Children of Bodom, ‘Halo of Blood’ – Album Review
Children of Bodom‘s music has taken a dramatic shift since the Finnish metal act released ‘Something Wild’ in 1997. Part-way through those 16 years, Bodom drifted away from their heavily neoclassical sound to focus on big-picture melodic death anthems. Fans took a while to shift along with Bodom, especially during the ‘Are You Dead Yet?’ / ‘Blooddrunk’ years, but with Bodom’s newest album, ‘Halo of Blood,’ the band succeeds in throwing every little nuance of their evolution into a single release.
‘Halo of Blood’ marks Children of Bodom’s return to the massive riff. When ‘Are You Dead Yet?’ was unleashed in 2005, it seemed that Bodom had abandoned the art of writing instantly addictive lead riffs such as ‘Needled 24/7,’ ‘Hate Me!’ and ‘Lake Bodom’ (although the ‘Are You Dead Yet?’ tracks ‘Trashed, Lost & Strungout’ and ‘We’re Not Gonna Fall’ boast incredibly catchy leads). ‘Blooddrunk’ (2008) and ‘Relentless Reckless Forever’ (2011) followed that trend, but almost every track on ‘Halo of Blood’ is branded with unique character through a huge main riff.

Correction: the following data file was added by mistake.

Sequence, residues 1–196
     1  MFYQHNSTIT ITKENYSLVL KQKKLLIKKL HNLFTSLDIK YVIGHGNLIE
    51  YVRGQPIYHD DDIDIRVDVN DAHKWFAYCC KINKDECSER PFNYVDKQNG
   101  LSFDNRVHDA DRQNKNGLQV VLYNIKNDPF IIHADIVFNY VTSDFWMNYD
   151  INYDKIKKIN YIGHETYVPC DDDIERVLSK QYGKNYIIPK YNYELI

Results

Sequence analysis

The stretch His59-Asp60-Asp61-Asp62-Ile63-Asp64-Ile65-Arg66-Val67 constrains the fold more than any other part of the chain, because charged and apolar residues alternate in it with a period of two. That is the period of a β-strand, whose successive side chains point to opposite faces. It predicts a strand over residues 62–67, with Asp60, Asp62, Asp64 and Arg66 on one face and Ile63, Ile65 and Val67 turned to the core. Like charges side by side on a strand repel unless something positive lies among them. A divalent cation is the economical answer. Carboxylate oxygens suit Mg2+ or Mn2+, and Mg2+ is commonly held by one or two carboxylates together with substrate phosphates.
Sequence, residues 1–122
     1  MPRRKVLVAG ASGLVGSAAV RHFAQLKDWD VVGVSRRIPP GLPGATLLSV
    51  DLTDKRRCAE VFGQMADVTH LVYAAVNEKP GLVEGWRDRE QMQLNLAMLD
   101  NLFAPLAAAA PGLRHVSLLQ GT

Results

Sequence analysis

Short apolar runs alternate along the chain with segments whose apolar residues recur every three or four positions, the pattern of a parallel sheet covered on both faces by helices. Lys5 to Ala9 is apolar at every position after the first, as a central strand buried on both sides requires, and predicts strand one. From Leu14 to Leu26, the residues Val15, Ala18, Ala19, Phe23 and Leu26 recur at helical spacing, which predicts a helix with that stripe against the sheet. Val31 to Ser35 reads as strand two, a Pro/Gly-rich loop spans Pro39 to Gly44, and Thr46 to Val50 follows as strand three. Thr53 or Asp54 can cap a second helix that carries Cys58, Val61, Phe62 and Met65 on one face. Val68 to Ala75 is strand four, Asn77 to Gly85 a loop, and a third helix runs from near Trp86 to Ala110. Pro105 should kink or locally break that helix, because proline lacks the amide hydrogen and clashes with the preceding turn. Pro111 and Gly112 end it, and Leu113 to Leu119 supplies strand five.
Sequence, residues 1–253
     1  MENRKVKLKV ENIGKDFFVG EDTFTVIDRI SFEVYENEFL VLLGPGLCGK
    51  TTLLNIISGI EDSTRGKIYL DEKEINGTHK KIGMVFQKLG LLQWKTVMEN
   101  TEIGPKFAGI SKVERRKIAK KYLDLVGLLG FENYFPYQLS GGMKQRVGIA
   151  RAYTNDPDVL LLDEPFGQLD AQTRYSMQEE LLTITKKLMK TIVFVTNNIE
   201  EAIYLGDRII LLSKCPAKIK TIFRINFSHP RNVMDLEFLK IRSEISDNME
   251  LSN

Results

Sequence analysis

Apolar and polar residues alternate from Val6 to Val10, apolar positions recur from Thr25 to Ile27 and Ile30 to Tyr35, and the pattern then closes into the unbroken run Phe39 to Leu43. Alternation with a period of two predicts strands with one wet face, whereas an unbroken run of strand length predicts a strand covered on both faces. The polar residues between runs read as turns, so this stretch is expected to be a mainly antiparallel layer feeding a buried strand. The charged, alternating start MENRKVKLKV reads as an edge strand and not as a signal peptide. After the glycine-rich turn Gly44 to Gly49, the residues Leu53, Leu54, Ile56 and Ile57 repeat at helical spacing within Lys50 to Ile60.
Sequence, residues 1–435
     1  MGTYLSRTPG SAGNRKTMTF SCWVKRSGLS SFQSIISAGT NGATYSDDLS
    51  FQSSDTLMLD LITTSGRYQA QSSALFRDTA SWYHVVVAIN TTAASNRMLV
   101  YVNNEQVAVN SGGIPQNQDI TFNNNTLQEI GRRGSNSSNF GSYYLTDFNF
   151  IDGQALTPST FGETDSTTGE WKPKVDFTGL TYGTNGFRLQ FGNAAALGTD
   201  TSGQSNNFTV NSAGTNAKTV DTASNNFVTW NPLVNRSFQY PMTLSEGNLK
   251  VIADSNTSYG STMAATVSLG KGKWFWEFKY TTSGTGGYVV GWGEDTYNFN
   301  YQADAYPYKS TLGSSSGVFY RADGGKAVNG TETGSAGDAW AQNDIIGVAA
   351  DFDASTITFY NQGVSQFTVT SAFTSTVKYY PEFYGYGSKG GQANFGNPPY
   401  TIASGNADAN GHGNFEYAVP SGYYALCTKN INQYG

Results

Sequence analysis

‘Waste of Skin’ opens the new Bodom release with a fun, full-speed-ahead lead reminiscent of ‘Needled 24/7,’ while the album’s ultra-heavy title track blasts away with a simple neoclassical rush. The riffs don’t stop there. ‘Scream for Silence’ opens with duel harmony more enticing than the majority of Bodom’s work past to present, which is saying a LOT. Alexi Laiho & co. remain relentless with even more massive riffs kicking off ‘Transference,’ ‘Bodom Blue Moom’ and ‘The Days Are Numbered.’
The album takes an experimental turn as ‘Dead Man’s Hand on You’ begins, which Laiho opens with a shivering, low spoken word part that breaks about a minute in to complete the rest of the slow, persistent anthem. The quality of ‘Halo of Blood’ continues with each remaining track, coming to a close as the best record Children of Bodom have released in a decade.
‘Halo of Blood’ is much more than just a collection of great riffs. Alexi Laiho‘s gritty and sharp vocals act as a high point for the album, while the verses and choruses found in each of the record’s 10 tracks keep ‘Halo of Blood’ moving at a steady pace. Structurally strong and bewitching music flows throughout ‘Halo of Blood,’ but Children of Bodom have never failed to deliver those sensibilities. ‘Halo of Blood’ represents a rejuvenated Children of Bodom, who have once again wrapped their foundation with brilliantly crafted lead instrumental parts. ‘Halo of Blood’ is truly an album where old school and new school Bodom fans can meet, shake hands and proceed to destroy everything within arm or leg’s reach.